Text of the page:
Businesses impacted by the coronavirus pandemic in Northern Tasmania have told of how they’re bouncing back and boosting their workforces.
The River Cafe at Beauty Point closed its doors for seven weeks during the height of Tasmania’s COVID-19 crisis. Business owner Richard Bowler is now on the hunt for two more staff members because conditions are improving.
“We’re currently only doing four days a week and we’re looking to go to seven days a week,” Mr Bowler said.
“We’re approaching it in a very cautious manner, but we’re very pleased with the way the business is going at the moment.
“We’re not operating all the hours we used to operate, the period when we were closed had a significant impact on our cashflow.”
Innerspace Wardrobes owner Ken Saville says he’s got jobs booked in until the end of October and is recruiting a factory manager.
“There is a lot of confidence in the place, a lot of people that were spending on holidays and things like that have decided to renovate,” Mr Saville said.
“We’ve got 21 staff now and when we started we had three full-time staff in Launceston and one in Hobart.”
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With jobless numbers rising because of the pandemic, Mr Saville says it’s surprising only seven people sent applications in for the factory manager role.
“I would have thought there would have been a reasonable amount of people out there who wanted the job,” he said.
The recruitment experience Mr Saville is going through differs greatly from the one Darron Crocker is having.
Mr Crocker is the people and culture manager at disability service provider the Eskleigh Foundation and he says job seekers have been lining up in great numbers to join the organisation.
A disability support worker role Mr Crocker advertised for at Perth attracted 167 applicants.
“We’ve also been advertising in Devonport and we’ve had 90 applicants for our disability support worker role there,” he said.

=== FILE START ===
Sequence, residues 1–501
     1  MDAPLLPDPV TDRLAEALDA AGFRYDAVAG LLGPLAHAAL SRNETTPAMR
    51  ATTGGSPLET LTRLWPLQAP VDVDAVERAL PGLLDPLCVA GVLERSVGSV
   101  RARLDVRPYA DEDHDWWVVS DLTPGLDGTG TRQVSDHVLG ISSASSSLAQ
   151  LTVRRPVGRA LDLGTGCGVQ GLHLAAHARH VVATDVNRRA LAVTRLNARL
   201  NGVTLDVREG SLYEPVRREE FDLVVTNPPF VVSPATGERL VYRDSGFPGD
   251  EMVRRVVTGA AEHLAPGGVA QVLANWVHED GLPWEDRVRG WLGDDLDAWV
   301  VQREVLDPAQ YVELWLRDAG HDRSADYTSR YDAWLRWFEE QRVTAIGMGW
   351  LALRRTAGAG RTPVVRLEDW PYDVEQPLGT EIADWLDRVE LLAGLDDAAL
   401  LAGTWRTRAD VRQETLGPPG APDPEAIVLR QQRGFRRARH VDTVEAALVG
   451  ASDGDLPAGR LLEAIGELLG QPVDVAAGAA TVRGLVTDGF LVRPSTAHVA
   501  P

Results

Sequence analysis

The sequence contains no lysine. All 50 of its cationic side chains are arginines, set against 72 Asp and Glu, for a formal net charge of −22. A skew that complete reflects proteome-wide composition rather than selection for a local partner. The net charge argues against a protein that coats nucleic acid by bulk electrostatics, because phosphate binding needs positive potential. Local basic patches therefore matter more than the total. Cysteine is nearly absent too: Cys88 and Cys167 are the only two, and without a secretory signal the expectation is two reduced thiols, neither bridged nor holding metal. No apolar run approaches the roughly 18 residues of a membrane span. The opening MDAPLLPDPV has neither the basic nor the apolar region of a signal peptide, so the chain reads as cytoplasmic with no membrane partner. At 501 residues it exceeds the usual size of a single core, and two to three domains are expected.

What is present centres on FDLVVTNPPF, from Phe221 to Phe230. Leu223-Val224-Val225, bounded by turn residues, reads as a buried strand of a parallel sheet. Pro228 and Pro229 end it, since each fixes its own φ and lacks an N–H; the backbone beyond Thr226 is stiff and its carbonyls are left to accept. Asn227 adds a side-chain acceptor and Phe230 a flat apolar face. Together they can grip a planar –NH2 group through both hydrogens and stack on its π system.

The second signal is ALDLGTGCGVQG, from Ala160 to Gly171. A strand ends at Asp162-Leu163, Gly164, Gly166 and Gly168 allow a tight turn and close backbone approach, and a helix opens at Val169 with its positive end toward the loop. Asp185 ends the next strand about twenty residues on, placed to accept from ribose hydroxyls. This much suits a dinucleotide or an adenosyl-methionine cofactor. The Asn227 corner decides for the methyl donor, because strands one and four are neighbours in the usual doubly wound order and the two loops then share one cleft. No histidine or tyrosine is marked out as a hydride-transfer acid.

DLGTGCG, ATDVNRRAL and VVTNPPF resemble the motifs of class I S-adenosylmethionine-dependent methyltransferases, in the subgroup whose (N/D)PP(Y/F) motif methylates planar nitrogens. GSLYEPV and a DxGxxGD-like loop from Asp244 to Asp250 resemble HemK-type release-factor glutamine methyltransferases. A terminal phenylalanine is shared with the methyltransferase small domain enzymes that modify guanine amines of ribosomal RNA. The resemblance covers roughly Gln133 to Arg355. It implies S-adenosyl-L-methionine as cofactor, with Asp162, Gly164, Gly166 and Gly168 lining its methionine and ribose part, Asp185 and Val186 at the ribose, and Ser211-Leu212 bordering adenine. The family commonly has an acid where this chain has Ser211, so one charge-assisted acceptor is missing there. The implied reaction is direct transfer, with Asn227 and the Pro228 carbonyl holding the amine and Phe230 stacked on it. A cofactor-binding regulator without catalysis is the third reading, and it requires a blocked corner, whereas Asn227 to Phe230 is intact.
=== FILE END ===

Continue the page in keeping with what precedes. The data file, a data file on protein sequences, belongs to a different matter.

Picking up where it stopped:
“While we’re a service sector, anyone who has been in tourism has been applying, they’re actively trying to transition across from sectors that have been very heavily impacted by COVID-19.
“We’ve also had people that we’ve recruited for our technical roles who say they now see the disability sector as a safe sector for jobs compared to others where there is more uncertainty and volatility.”
StGiles chief executive Andrew Billing said his organisation was managing well with its current workforce.
“Similar to the aged care sector, the disability sector is very alert to the fact we have sufficient workforce in normal circumstances but in an outbreak situation we could be put under pressure very quickly,” Mr Billing said.
“Every time gets a sniffle or an ache or a pain we’re asking people not to come to work sick.
“At a broader level we would be looking to expand workforce availability, that can be through more casuals and it can also be through creating more surety for workers by moving them from casual to permanent part-time and even full-time scenarios.”
Mr Billing said while working as a casual suited some workers in the disability sector, benefits could be gained from making the sector’s workforce more secure.
“The more casual workforce you have the greater workforce management challenges you have, the greater risk you have in terms of not having workforce available when you need it and also the greater risk you have of people turning up to work when they probably shouldn’t because they don’t have ways of continuing to live without their pay,” he said.